5. Ureia was actually a fish—a fish larger than is the whale of some species and smaller than are some others. But he never uttered anything except when under the influence of omens portending the misfortunes of the tribe. Then he emerged upon the water and swam about coming forth from his den.

6. If it be only a man of rank who dies, then he merely came forth from his den—but if it was a fallen pa, he would swim right out in the ocean, rolling about as he went onward, spouting forth the sea-spray.

7. This taniwha Ureia was of ancient times—he was indeed of Ngati-huarere. At the time of the destruction of the Ngati-huarere by Marutuahu, he was existing at that time. Foretold by him was the defeat of Ngati-huarere at Oruarangi. That is, he then swam about out in the ocean.

8. Then he gambolled as he went along—the spray dashed about by him as he gambolled on. He also lashed with his tail the sandbank out beyond and even so as far as Kairongaronga, at the sandbank just outside Hauraki. Such were the doings of Ureia.

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KO HAUMIA, HE, ATUA

9. Ko Haumia, he atua no Waikato. Ko tera Atua e hara i te Atua ngohi ara tupua. Engari he atua e korero ana i roto i te waha o ana tohunga. Mehemea ka hiahia taua tu atua ki te korero ki nga tangata ano, ka uia he tikanga i te atua, ka eke aua tu atua i runga i o ratou piringa, ara tohunga, korero ai.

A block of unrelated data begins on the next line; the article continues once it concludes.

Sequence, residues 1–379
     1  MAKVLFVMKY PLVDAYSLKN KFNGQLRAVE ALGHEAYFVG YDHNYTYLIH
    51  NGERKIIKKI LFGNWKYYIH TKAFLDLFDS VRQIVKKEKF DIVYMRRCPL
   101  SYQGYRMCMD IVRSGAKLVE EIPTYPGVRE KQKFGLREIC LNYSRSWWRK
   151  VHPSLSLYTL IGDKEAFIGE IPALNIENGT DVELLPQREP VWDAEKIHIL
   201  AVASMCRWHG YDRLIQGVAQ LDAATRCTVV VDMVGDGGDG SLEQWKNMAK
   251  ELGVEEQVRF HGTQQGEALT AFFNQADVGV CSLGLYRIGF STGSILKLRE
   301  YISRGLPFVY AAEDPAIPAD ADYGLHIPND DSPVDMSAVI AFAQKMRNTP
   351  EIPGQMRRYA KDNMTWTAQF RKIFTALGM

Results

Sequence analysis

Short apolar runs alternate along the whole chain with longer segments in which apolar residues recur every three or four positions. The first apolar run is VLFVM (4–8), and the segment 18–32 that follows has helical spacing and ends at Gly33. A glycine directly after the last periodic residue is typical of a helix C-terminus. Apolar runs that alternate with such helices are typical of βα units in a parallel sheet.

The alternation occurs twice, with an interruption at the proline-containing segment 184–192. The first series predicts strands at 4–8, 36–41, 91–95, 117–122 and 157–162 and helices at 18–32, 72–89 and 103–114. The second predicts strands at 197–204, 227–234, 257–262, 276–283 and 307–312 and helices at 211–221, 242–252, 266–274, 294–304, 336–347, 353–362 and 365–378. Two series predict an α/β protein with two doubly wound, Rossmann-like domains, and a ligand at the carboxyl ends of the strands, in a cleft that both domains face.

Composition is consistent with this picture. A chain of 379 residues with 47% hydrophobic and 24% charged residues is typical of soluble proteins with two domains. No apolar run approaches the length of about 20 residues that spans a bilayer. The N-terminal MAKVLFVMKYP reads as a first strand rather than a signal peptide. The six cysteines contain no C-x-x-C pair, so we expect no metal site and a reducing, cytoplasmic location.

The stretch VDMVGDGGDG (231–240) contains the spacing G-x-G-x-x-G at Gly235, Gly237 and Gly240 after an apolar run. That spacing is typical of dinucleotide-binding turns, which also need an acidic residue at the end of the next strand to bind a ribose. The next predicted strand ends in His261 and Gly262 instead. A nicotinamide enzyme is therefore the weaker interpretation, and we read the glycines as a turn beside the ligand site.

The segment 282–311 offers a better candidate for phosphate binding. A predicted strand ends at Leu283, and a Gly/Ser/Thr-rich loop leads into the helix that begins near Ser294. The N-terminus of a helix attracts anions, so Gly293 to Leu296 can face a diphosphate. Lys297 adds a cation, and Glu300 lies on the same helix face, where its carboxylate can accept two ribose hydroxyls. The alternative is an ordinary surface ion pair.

10. Na te tohunga te reo, na te atua nga kupu. He atua penei a Haumia te atua o Waikato.

11. Na nga tohunga hoki i karakia nga karakia hopu taniwha. Ara ko aua karakia he kaha rawa atu ki te whakangohe i te taniwha. Ahakoa taniwha horo tangata, e mate tona kaha i nga karakia a nga tohunga. Ara i nga karakia ano mo te taniwha.

12. Ahakoa taniwha tupua, e mate ano. Kaore hoki nga taniwha e mohio ki nga karakia, na reira ratou i ngohe ai i nga karakia a nga tohunga.

13. He atua korero a Haumia ki ana tohunga Maori. No reira ka ako atu ia ki ana tohunga hei korero atu ki te iwi o Waikato, kia tikina mai a Ureia kia patua e ratou.

14. I tikina mai e Haumia ki te haere atu ki Manuka, ki te hakari mana ki Puponga. Nana hoki i tiki mai ki te Kirikiri nei ano. I te taenga mai o Haumia kia Ureia, ka ai atu, “I haere mai au ki te tiki mai i a koe ki te kai i te hakari mau, ki nga taonga mau”.